I hope you do not have the hay season I am having. While the quality of my hay is good, my yields are incredibly disappointing. With over half of my fields made, I am around 50% of the usual crop. The two late freezes killed back growing grass last month, and honestly, I am mowing hay earlier than most years. I am also doing it much faster with my youngest son not working this summer at the Wilmington College farm due to the virus and helping on the farm. Another thing I have noticed over the past few years is that some hay fields have less fescue and orchard grass and more poor quality forage like cheatgrass reducing quality and yields.
If it looks like hay is going to be short this year, here are a few thoughts for the short term and the long term.
- First, is there a hay you can make from some property not too far from where you live? Sometimes owners may let fields be made at a reasonable price if they are faced with having to pay someone to mow it for them just to maintain open space.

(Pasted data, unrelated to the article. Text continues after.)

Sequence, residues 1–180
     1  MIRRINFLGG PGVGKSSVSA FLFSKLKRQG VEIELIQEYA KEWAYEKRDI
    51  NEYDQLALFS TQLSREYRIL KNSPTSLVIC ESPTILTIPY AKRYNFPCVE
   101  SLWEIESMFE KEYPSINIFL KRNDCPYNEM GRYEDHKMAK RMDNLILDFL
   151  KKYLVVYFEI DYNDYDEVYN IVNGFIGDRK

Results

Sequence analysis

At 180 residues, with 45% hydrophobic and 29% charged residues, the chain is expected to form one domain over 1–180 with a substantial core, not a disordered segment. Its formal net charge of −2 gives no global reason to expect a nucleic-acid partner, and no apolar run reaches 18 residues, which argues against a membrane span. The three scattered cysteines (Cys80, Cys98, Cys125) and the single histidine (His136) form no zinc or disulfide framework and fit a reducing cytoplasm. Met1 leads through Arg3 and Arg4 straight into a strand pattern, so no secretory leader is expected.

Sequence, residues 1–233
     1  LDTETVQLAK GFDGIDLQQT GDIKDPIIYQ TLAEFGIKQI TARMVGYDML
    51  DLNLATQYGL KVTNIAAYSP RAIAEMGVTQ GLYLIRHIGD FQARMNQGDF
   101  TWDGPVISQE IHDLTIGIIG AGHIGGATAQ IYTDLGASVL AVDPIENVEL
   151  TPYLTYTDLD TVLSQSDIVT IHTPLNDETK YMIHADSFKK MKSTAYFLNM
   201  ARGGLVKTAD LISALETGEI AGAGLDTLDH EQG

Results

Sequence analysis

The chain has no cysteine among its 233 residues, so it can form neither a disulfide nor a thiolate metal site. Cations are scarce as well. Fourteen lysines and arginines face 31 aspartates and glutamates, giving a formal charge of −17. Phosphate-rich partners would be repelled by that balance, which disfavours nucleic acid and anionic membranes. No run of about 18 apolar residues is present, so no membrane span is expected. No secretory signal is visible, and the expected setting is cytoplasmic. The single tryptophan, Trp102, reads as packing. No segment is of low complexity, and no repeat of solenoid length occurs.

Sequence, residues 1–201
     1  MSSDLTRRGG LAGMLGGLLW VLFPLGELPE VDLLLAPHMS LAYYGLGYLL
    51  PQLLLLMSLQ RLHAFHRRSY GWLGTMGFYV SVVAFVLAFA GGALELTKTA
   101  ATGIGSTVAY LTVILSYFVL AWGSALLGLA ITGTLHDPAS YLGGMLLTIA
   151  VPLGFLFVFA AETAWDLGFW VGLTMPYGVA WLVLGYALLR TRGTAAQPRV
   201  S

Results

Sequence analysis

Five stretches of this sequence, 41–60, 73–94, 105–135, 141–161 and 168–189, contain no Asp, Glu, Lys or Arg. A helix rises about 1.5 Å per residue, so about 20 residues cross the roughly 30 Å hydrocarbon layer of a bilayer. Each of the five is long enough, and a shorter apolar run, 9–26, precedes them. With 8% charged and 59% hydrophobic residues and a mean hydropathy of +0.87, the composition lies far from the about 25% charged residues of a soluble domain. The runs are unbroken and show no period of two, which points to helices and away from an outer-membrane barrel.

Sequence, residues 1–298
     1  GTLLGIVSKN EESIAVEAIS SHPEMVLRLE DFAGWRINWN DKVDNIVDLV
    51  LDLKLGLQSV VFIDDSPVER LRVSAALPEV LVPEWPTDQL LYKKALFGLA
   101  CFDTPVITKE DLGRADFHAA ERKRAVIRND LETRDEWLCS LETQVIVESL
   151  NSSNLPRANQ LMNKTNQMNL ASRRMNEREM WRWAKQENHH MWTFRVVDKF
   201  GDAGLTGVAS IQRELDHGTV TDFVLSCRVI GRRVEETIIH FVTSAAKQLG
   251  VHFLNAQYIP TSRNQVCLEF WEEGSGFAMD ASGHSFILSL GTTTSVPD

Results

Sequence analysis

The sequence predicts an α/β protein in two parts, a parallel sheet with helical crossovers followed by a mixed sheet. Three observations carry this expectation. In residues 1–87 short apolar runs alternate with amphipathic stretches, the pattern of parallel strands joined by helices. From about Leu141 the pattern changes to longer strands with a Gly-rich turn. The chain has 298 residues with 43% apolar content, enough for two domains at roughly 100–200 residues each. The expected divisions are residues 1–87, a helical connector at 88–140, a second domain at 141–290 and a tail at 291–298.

- Will your fields benefit from fertilizer and lime? Applications made soon can respond this season, providing more hay.
- Do you have some unproductive cattle that can be marketed?
- Have you ever considered planting some warm-season annuals like millet, sorghum or sudangrass? They can provide a lot of tonnage until frost.
In the next month or two, you can plan for ways to extend the grazing season by stockpiling cool-season grass. We know that adding nitrogen (I recommend 50# N/Acre) will increase yields.
Brassicas, such as turnips planted in July, can provide 10,000 pounds of dry matter in 90 days. Cereal rye and oats or a combination of small grains and brassicas are options as well.